In an effort to carry out effective communication to the outside world, China also
resumed bilingual journalism education, known as international journalism
education, in five universities in 1983, 2 after the national Xinhua News Agency and
the party organ People’s Daily initiated a graduate school at the Chinese Academy of
Social Sciences in 1978. These bilingual journalism programs hired American
professors and used US journalism textbooks for theory and writing courses and
integrated journalistic training with English learning, which aimed to train qualified
Chinese reporters and editors for China’s effective international communication
because they could understand foreign and Chinese cultures and learned how to
report news stories in an English style (Guo, 1996).
Basically modeled after the US
system in the early days, international journalism programs were unique to the
Chinese society and met the increasing demands of the country that interacts and
cooperates closely with the outside world after a long period of separation since
1949. 3
In addition to international journalism programs, expansion of other sequences
such as sport journalism, photojournalism as well as advertising, public relations,
radio and TV broadcasting and communication have also added greatly to the scope
and variety of journalism and communication education in China at this stage.
Ever since 1998, like its booming economy, fast development patterns of
journalism education in China continued in the 21st century. According to a recent
report provided by the semi-official Journalism Discipline Supervisory Committee
(JDSC) under the Ministry of Education, 360 colleges and universities in China have
offered a total of 650 undergraduate programs in journalism (180), broadcasting
journalism (128), advertising (230), editing and publishing (50) and communication
(20) as of May 2009. These journalism schools now enroll an estimated number of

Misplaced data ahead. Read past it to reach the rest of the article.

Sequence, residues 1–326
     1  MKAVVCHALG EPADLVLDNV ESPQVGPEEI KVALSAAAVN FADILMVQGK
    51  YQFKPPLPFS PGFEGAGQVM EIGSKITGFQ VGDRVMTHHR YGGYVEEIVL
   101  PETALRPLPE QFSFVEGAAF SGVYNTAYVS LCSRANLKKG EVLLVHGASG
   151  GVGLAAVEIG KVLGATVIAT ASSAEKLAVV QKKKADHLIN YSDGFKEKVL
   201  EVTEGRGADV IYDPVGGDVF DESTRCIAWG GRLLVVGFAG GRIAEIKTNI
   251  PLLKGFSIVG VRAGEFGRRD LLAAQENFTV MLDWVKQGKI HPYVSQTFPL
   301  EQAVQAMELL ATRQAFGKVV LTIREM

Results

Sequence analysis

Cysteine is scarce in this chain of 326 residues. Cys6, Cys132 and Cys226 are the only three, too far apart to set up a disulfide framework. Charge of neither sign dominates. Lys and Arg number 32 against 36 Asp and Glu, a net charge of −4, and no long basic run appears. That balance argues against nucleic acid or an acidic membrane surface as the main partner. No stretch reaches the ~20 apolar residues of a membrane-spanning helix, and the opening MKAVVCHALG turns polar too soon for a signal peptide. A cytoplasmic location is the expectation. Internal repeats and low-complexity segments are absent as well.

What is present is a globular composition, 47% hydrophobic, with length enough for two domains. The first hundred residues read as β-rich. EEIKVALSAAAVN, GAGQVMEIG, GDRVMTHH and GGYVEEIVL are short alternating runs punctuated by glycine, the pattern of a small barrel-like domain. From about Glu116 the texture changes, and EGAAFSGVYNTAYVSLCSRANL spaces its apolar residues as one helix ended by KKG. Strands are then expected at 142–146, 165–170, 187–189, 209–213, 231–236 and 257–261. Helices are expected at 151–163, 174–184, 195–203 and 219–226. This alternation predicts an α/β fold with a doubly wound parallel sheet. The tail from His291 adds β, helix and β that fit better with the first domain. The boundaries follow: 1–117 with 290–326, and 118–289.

40,000 undergraduates each year, with an average of 110 students in one school.
These colleges and universities now hire about 8,000 faculty members, with 14% of
them full professors, 27.5% associate professors, 38.5% lecturers and 22% assistant
teachers (JDSC, 2009) . 4
Journalism and Communication Education in China (mainland)
Meanwhile, the number of graduate programs has also risen dramatically in the
new century. As of March 2006, China has approved a total of 123 MA programs in
journalism (60) and communication (63), while only 15 universities were approved to
host 21 doctoral programs, including 11 doctoral programs in journalism and 10
doctoral programs in communication (Chen, 2006).
So far, these figures remain
roughly the same, according to the above report.
Recognition of Journalism and Communication as a Discipline of Social Sciences
On a macro-level, China’s economic development has boosted the expansion of
journalism programs in China.
However, the direct driving engine has resulted from
the official recognition of “journalism and communication” by the state as the
first-tier discipline of social sciences in 1998 while “journalism” had been listed only
as a second-tier concentration under “literature” ever since 1949.
The recognition has significant impacts on journalism education in a centralized
system of the nation. First, the recognition itself means that “journalism and